How J.K. Rowling's bestseller became Warner Bros.' best hope
Daniel Radcliffe, Harry Potter and the Sorcerer's Stone
Credit: Harry Potter: Peter Mountain

”Harry Potter and the Sorcerer’s Stone,” the 1997 novel by J.K. Rowling that’s the first installment in what Rowling has long promised will be a seven volume hero’s journey for her beloved boy wizard, has (not surprisingly) spawned a movie version. The fervently awaited adaptation — written by Steve Kloves (”Wonder Boys”), directed by Chris Columbus (”Mrs. Doubtfire”), and starring 11-year-old newcomer Daniel Radcliffe in the title (and utterly life changing) role — arrives in theaters Nov. 16.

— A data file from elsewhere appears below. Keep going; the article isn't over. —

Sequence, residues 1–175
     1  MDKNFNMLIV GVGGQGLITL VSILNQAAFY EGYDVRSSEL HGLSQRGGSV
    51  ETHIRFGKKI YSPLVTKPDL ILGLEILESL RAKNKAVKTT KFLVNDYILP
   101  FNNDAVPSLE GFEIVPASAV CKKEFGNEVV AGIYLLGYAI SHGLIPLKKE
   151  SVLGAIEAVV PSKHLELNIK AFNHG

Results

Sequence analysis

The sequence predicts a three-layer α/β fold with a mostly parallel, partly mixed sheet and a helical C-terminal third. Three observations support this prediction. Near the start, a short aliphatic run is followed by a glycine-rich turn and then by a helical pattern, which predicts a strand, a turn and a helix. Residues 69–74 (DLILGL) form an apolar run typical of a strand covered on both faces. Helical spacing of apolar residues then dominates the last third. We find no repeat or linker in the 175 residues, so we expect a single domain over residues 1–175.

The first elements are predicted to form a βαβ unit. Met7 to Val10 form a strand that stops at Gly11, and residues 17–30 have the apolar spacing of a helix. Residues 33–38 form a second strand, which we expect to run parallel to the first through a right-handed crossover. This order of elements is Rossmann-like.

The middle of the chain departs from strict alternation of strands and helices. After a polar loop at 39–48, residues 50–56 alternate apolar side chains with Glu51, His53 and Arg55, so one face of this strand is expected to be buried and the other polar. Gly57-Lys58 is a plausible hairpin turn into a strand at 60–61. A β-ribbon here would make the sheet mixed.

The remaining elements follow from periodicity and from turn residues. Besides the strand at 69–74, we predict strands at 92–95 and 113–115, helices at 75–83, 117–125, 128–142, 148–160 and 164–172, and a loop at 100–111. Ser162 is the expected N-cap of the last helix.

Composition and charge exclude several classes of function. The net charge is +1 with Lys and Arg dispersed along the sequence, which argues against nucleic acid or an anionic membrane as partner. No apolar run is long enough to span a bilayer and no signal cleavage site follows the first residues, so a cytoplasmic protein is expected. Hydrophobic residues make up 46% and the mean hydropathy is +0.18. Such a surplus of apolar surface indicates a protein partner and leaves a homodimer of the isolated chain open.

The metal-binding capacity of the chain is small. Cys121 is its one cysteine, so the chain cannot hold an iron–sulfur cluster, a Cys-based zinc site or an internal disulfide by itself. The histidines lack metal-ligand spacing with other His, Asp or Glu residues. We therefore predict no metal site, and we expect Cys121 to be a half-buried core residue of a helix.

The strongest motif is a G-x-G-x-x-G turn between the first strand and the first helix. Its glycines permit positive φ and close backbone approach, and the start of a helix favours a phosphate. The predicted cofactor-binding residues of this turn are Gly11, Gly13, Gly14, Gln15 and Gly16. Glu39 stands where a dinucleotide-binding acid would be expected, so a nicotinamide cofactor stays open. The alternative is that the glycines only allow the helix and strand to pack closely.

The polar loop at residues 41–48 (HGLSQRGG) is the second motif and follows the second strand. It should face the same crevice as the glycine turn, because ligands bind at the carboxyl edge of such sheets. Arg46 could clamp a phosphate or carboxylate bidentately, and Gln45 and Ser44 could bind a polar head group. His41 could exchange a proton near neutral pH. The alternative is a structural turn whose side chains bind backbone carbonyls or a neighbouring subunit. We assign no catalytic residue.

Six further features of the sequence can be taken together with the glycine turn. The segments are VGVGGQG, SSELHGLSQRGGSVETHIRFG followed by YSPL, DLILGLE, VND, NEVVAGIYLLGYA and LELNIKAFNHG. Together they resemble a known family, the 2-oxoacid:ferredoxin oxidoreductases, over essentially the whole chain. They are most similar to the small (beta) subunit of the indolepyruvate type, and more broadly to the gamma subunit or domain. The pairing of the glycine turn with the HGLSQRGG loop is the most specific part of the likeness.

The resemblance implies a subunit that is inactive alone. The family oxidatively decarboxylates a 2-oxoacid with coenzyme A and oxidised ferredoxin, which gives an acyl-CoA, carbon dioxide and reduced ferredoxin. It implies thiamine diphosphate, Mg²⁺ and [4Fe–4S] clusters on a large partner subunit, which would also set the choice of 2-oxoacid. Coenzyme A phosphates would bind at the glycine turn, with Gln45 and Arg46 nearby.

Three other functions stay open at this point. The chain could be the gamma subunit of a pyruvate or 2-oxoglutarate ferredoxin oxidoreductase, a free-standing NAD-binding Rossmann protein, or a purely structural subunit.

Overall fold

The film, which cost a reported $125 million to make, will carry not only the immense weight of fan anticipation but the expensive expectations of Warner Bros. and corporate parent AOL Time Warner. (Did we mention that Entertainment Weekly is owned by said vast media machine?) And if that isn’t enough, it also comes saddled with the economic hopes of Harry Potter’s native England, which is counting on the movies to pump hundreds of millions of pounds into its film industry and even help reignite its tourism trade.

Harry Potter and the Sorcerer's Stone
  • Movie
  • 152 minutes